The sugarcane aphid (SCA) has now been reported in Sumner County. Sorghum producers in Kansas should begin scouting their fields on a routine basis. More information on scouting and thresholds for treatment can be found in the Agronomy eUpdate article “Start scouting soon for sugarcane aphid” from July 7, 2017, and at the myFields web site at: https://myfields.info/pests/sugarcane-aphid

 

 

Figure 1. Current status of the SCA. The map indicates only the counties in which the SCA has been found, and does not indicate how many or how few aphids were found in that county. Source: https://www.myfields.info/pests/sugarcane-aphid

 

 

Chemical control

Two insecticides are labeled for use on sugarcane aphid on sorghum in Kansas this season:

Sivanto (flupyradifurone)
4.0 – 7.0 fl oz/acre (0.052 – 0.091 lb ai/acre)

Transform (sulfoxaflor)
0.75 – 1.5 oz/acre (0.375 – 0.75 oz ai/acre)

Field trials show good efficacy of the above materials against the sugarcane aphid. Both have the ability to penetrate leaves through translaminar movement and kill aphids feeding on the undersides.

Maximum efficacy will be achieved by application in a large volume of water, preferably 20 gallons per acre or GPA (minimum 10 GPA) by ground or 5 GPA from the air. Laboratory trials indicate that Transform (sulfoxaflor) is relatively safe for important aphid predators such as lady beetles and lacewings and thus can be considered IPM-compatible. This is true to a lesser extent for Sivanto (flupyradifurone), but various trials have indicated a much longer period of residual activity for this material.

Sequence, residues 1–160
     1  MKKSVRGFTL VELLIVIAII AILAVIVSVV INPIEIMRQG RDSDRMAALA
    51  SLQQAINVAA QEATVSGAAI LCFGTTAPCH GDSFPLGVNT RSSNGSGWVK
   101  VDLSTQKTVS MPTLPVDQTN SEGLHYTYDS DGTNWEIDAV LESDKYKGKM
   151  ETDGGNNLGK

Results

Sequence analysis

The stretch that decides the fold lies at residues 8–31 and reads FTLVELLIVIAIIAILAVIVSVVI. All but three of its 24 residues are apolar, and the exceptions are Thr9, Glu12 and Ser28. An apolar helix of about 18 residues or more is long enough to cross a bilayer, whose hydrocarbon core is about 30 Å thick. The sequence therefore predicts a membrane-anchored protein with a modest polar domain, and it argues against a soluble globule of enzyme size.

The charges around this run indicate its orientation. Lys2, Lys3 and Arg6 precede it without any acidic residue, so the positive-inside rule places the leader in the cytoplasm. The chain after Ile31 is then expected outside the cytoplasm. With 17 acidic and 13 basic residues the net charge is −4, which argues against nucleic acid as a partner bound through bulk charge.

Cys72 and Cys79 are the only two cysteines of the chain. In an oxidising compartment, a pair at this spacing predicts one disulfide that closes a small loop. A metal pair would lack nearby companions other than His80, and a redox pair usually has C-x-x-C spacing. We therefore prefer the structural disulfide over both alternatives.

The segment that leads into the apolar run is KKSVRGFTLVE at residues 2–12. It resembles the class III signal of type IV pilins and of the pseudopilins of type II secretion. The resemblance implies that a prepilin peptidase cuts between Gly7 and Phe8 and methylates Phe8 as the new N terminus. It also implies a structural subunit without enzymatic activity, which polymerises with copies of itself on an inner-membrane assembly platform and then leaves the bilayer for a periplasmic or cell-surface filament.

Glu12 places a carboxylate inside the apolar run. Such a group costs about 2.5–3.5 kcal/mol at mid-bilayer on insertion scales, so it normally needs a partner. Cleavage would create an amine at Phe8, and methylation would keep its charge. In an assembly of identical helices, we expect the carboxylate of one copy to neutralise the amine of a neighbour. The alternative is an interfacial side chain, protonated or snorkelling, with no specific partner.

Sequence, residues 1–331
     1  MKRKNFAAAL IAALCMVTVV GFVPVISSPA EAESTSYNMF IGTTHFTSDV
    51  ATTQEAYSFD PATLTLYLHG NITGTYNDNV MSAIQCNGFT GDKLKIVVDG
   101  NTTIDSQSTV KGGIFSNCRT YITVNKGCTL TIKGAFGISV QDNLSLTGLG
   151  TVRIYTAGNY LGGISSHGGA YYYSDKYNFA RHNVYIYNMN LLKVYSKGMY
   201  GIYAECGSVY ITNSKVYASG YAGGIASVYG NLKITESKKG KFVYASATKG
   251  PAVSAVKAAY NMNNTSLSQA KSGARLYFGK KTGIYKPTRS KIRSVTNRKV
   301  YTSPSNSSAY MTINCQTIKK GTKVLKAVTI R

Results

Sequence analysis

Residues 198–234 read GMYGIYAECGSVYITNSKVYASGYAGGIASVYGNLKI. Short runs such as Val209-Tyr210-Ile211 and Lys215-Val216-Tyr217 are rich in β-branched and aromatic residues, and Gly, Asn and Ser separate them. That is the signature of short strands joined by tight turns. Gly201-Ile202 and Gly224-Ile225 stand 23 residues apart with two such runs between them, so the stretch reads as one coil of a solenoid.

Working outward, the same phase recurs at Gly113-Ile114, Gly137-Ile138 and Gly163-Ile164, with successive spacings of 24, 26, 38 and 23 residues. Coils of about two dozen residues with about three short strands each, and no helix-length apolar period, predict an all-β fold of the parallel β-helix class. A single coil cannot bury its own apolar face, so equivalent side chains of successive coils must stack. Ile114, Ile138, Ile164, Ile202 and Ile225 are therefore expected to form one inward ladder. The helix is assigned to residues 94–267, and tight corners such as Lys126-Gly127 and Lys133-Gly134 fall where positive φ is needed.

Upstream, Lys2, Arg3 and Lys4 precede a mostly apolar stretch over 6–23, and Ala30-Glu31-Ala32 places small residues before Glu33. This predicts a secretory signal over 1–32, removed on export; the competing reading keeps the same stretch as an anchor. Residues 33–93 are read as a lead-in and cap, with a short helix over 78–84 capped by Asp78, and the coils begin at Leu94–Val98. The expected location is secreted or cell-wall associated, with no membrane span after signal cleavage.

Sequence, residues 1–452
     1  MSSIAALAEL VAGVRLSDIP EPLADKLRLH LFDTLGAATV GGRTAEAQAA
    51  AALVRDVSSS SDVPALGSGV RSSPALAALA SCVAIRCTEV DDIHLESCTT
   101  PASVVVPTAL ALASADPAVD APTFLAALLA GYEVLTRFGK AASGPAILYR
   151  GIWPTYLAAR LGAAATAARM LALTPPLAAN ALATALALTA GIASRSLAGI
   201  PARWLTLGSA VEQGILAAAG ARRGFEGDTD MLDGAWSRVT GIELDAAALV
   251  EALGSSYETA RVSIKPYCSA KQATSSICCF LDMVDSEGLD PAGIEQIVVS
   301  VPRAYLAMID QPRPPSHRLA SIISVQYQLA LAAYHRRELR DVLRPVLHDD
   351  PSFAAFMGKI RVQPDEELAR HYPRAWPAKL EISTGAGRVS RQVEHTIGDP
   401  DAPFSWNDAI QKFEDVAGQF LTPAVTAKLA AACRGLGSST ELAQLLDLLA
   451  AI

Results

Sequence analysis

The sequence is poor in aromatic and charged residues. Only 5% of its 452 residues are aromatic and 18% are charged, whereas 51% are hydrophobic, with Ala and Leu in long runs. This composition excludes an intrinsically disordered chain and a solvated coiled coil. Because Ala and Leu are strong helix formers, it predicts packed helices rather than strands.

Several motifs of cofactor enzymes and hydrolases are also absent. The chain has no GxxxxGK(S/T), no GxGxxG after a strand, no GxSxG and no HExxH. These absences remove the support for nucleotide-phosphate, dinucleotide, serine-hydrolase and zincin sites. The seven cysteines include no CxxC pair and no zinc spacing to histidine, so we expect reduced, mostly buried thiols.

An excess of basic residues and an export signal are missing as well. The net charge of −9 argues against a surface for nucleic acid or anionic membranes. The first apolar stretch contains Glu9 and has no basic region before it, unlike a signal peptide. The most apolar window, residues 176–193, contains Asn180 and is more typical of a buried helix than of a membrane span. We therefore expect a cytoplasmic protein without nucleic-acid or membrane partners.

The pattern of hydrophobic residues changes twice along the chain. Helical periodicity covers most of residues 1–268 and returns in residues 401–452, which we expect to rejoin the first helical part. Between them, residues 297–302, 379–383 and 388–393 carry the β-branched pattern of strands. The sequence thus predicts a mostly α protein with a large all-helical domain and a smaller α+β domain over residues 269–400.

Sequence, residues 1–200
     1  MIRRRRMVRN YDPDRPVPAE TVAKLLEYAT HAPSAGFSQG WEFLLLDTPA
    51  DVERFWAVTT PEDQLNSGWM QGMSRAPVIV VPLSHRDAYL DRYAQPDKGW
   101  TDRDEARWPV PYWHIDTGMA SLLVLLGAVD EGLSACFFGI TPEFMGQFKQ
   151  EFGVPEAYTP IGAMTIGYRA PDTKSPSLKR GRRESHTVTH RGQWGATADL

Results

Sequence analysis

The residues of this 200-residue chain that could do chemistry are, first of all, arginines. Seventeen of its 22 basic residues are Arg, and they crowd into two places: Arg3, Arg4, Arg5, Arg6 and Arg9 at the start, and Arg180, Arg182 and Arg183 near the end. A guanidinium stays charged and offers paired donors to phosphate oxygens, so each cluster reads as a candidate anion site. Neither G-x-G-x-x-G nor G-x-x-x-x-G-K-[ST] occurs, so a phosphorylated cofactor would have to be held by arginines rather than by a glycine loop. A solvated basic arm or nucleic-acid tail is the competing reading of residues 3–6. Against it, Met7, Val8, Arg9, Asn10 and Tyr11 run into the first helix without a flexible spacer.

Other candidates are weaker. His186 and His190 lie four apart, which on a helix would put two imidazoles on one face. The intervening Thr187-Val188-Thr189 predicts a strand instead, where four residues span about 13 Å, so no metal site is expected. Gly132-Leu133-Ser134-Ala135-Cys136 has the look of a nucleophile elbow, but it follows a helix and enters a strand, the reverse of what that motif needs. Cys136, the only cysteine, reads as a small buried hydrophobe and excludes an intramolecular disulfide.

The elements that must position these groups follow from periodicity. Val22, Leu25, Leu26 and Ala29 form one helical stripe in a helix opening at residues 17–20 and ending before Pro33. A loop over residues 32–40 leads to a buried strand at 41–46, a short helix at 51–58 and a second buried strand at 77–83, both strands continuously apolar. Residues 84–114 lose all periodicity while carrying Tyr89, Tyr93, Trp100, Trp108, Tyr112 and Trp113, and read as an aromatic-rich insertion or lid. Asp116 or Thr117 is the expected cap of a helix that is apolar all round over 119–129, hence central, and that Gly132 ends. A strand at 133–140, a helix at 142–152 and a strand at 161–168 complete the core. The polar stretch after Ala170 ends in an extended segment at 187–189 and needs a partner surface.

Both insecticides have annual application limits and growers are advised to rotate them if follow-up applications are required. Note also that preharvest intervals will be a factor to consider when treating late-season infestations, so applicators should read labels carefully and keep a log of all treatments for each field. Because Transform and Sivanto are absorbed by leaves and eventually metabolized by the plant, reinfestation can occur if large numbers of winged aphids continue to settle in the field.

When inspecting fields for treatment efficacy, note whether any live aphids are winged or wingless, as the former may indicate continued immigration rather than control failure. DO NOT attempt to control sugarcane aphid with contact insecticides that have broad-spectrum activity; these include all pyrethroid and organophosphate materials and combinations thereof. Replicated field trials indicate these materials are not effective, harm beneficial species, and often result in higher aphid numbers than unsprayed control plots.

Sorghum headworm infestations are often present when SCA is observed in a field, since this pest migrates using the same weather events. When choosing an insecticide to control headworms, use products that are less harmful to natural enemies such as Prevathon or Blackhawk, as these have proven compatible with Transform and Sivanto and less selective materials risk flaring the aphids.